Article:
Sunday, June 26, 2011

Peanut brittle -- Chinese style

Shanhaiguan peanut brittle
I've been going through all my China pictures lately, looking for the best/my favorites to use on the remodeled website I am working on. It is long past due to update my website, Cheryl's China, but the process is taking me longer than I expected. The present website is 14 pages; my updated will have about 50 pages with a design that I hope is easier to read.

Anyway, as I was going through my pictures, I came across this one I took when we were in Shanhaiguan last fall. The makers put a bunch of raw peanuts, a little flour and sugar on a wooden block, and then use a big mallet to pound the heck out of the peanuts. The end result is similar to peanut brittle, but not as sweet.

I'm an addict when it comes to street food, so, of course, I bought a bag. It was wall worth the 10 kuai (about $1.50) I paid for it.. And even if I hadn't liked it, it was worth the money to watch them make it. Some stands had two smashers wielding mallets, and I wondering how many times they swung the mallets down at the same time.

What's been your favorite street snack you've sampled in China?

Are you going to China?

Check out my website and feel free to email me if you have any questions about travel in China.

Tuesday, June 14, 2011

Exciting developments for Chinese trains

A lot has been happening in China these days when it comes to train travel.

A shopping mall in Shanghai
First, the long-awaited high speed train between Beijing and Shanghai is starting up. This will cut the time from 12 to 15 hours down to four, making train travel very competitive with flying between the two cities. I actually think taking the train will be the way to go since trains run from downtown to downtown. No 1-2 hour pre-departure check-in at the airport or a long trip from the airport to downtown.

China still plans to run its regular trains on this route, and those who want the speed will pay substantially more for express trains.

We took an express train to Shanhaiguan from Beijing last fall. It was pretty cool, only taking two hours non-stop. The first time I went to Shanhaiguan, the city where the Great Wall ends, the trip took six hours and had many stops.

Another China Daily story in the last week was about online train ticket sales. I am really looking forward to this for getting tickets on our next trip to China. When I lived there, getting tickets was such a pain as ticket clerks usually didn't want to deal with foreigners and kept referring them to other windows. Once I went to seven windows, standing in a long line each time, before someone would sell me a ticket. I finally wised up, and paid my hotel's travel desk a couple of bucks to get my onward tickets. After all, a Chinese person will almost n ever be standing in the wrong line.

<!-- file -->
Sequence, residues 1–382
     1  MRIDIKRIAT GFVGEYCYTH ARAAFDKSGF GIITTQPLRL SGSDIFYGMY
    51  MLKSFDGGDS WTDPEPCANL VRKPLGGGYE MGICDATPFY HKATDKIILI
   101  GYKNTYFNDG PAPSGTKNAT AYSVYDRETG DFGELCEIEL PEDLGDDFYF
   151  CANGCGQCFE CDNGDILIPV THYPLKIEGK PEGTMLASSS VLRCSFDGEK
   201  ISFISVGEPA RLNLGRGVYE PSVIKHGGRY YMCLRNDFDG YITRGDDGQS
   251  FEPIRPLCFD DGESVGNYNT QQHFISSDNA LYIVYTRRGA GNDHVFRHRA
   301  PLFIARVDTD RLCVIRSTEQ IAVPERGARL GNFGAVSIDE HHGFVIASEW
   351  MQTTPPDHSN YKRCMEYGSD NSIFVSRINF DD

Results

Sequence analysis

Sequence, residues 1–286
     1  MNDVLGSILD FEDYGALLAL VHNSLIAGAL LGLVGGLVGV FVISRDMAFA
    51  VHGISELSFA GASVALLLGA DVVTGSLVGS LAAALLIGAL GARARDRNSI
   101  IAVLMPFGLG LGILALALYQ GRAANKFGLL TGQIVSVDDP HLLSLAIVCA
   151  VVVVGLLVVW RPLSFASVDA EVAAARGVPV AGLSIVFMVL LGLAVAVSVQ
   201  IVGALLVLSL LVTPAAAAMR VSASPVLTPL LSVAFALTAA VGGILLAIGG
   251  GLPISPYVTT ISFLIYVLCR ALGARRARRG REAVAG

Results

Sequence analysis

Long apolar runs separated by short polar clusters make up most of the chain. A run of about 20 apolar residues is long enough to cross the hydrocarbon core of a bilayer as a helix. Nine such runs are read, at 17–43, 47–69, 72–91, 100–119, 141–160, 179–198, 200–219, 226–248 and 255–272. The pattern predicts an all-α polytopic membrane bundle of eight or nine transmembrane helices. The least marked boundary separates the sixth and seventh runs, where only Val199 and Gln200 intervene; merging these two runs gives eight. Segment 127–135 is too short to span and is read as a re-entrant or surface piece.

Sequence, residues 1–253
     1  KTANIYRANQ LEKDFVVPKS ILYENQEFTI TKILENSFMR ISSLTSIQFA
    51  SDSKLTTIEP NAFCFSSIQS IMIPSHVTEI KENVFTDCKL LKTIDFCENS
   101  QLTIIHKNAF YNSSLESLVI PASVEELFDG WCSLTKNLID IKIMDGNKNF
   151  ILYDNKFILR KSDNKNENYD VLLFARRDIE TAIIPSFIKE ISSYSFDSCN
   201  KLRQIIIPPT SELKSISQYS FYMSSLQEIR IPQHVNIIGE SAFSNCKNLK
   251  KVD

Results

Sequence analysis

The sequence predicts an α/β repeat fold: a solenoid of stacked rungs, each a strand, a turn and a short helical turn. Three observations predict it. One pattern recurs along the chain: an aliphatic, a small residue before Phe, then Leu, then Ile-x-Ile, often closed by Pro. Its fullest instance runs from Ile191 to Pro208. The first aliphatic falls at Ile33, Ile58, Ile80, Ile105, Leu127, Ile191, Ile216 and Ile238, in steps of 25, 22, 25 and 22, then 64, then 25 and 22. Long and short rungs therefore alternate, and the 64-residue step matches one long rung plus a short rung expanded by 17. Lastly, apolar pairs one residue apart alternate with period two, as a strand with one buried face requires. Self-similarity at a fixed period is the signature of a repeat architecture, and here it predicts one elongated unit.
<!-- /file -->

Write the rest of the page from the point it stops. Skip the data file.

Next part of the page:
I anticipate the website will be in Chinese, which could be difficult, but I think I'll figure it out some way or perhaps get some friends to book our tickets.

The new system will start with just a few routes, but is expected to be systemwide by the end of the year. Yippee!

Are you going to China?

If you're planning a trip to China, please check out my website, Cheryl's China, and please feel free to email me if you have any questions.

Saturday, June 4, 2011

Papercuts: a traditional Chinese art

Papercuts are one of my favorite souvenirs of China. They are so colorful, not to mention especially fragile. They're made from very thin paper and tear easily, but that doesn't make them any less fun.

Papercuts are traditionally made from red paper and cut by hand. Traditional papercuts are of Peking masks, Chinese maidens, birds, flowers, the Chinese zodiac . . . the list of topics is endless. But, in recent years, a Western influence has been creeping into the designs. Stuff like Disney characters and Santa Claus, with some of the papercuts being made in several colors.

The Chinese put papercuts in their windows or frame them for wall hangings. Mostly papercuts are small, maybe 3" x 5", but I have seen some as big as 3-5 feet square. I don't put mine in windows or frame them. I use them on the greeting cards I make, using double-sided tape to stick them to the front page.

If you're looking for unique souvenirs from China, consider papercuts. They're inexpensive and come in small, lightweight packages of eight or 10.

Are you going to China?

If you're planning a trip to China, please check out Cheryl's China, my website about traveling in China, especially Beijing. and feel free to email me if you have any questions. Also, check out my Amazon Kindle page for my travel guides to Beijing.